A U.S. federal court on April 23, 2009 rejected a request by Chevron Corporation that members of the Ilaje community in Ondo state who lost a suit brought against the Oil firm, should pay Chevron’s costs of litigation arising out of the suit.
The Bowoto v. Chevron Corp., No. 99-2506, heard by a US Federal Court last year was brought by EarthRights International a US based environmental rights groups on behalf of the Ilaje community against Chevron
The villagers had sued Chevron for alleged complicity in attacks against members of the Ilaje community Ondo state, Nigeria who in May 1998, staged a peaceful protest at Chevron’s Parabe oil platform off the Nigerian coast against Chevrons activities in the communities which was reportedly destroying the environment and economic livelihoods
Two demonstrators were killed, and several others wounded by Nigeria security forces called in to quell the protests.
The Security men were allegedly paid by Chevron, ferried to the platform in Chevron helicopters and supervised by Chevron personnel.
A US Federal court that heard the suit ruled in favour of Chevron on all charges, last November, but the plaintiffs are appealing that decision with the U.S. Court of Appeals for the Ninth Circuit.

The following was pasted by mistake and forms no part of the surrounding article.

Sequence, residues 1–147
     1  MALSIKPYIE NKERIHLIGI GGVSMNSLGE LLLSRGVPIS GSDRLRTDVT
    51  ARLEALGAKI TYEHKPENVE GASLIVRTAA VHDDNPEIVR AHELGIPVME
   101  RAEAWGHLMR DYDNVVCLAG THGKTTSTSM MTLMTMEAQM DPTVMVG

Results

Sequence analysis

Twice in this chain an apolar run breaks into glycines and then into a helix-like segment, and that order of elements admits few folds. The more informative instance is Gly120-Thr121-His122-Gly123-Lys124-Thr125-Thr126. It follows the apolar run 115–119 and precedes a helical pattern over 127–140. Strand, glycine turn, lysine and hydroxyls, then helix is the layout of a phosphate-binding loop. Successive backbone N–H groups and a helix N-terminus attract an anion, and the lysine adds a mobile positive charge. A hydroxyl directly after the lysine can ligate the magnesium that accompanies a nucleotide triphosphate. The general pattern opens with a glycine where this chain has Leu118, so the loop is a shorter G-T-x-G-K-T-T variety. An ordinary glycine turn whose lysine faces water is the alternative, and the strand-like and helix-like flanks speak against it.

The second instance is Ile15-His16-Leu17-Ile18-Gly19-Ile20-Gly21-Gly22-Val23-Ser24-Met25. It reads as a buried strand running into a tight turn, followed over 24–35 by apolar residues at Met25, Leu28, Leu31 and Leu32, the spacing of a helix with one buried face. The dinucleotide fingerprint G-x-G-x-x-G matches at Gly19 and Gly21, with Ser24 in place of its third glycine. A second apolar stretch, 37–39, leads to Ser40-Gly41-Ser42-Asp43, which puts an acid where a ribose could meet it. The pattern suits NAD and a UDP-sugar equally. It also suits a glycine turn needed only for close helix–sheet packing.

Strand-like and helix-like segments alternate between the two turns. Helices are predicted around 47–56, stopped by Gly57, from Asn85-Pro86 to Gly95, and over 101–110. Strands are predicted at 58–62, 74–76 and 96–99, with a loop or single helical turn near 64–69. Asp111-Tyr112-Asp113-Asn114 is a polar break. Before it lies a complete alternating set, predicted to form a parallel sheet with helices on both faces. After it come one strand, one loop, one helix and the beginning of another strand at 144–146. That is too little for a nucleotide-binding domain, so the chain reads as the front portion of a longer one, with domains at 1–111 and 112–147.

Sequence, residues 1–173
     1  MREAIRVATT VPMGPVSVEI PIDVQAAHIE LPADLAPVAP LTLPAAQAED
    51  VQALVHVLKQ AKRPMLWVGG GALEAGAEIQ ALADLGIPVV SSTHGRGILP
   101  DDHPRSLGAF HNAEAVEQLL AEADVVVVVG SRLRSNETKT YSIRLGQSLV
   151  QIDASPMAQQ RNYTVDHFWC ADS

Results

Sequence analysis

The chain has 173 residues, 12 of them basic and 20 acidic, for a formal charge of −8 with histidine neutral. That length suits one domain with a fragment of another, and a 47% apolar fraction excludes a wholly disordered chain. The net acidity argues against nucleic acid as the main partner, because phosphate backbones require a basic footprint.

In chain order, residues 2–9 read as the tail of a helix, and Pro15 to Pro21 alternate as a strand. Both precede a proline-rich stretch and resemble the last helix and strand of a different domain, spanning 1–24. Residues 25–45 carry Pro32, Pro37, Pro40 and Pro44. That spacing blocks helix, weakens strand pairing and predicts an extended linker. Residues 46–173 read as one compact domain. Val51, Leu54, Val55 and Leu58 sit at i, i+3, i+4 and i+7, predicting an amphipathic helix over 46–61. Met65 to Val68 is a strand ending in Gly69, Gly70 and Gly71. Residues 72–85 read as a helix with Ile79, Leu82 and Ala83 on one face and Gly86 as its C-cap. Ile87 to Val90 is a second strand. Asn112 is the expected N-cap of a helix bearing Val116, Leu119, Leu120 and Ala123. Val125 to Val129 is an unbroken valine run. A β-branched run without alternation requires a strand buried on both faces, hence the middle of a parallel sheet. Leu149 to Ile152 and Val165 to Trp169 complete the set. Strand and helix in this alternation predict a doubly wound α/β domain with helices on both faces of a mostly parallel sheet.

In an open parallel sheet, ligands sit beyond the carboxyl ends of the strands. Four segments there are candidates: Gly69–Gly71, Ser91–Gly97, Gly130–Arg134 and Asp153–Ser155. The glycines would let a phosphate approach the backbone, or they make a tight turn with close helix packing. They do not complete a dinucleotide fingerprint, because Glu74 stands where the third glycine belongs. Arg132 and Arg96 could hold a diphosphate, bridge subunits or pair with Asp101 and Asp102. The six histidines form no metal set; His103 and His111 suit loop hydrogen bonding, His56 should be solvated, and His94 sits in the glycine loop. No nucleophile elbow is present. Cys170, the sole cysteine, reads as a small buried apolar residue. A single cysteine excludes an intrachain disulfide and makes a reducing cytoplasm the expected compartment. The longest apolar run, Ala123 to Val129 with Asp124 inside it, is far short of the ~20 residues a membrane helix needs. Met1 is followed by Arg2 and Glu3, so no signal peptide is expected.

Ruling on Chevron’s request that the plaintiffs should pay the litigation cost, the trial Judge Susan Illston found that making these victims pay Chevron’s costs “would have a chilling effect on future civil rights litigants.”
The court’s order additionally recognizes that “this case was an attempt by impoverished citizens of Nigeria to increase accountability for the activities of American companies in their country,” and that denying payment of Chevron’s costs was warranted given the “extreme economic disparity between plaintiffs and defendants—Chevron Corporation’s fourth quarter net income in 2008 was $4.9 billion; full year 2008 net income was $23.93 billion.”
Plaintiffs’ counsel Cindy Cohn, Legal Director of the Electronic Frontier Foundation (EFF), stated,” We’re pleased that Chevron’s attempt to punish these poor Nigerian villagers was soundly rejected by the Court, and that the Court saw through the oil company’s larger effort to deter victims of human rights abuses from bringing suit.”
The plaintiffs have also appealed the jury’s verdict, and argued that a new trial was appropriate after Chevron’s lawyers made improper arguments and misused evidence.
Plaintiffs’ counsel Marco Simons, Legal Director of EarthRights International (ERI), said, “In this order, the Court rejected Chevron’s argument that the plaintiffs’ claims had no merit, and we are confident that we will be vindicated on appeal.”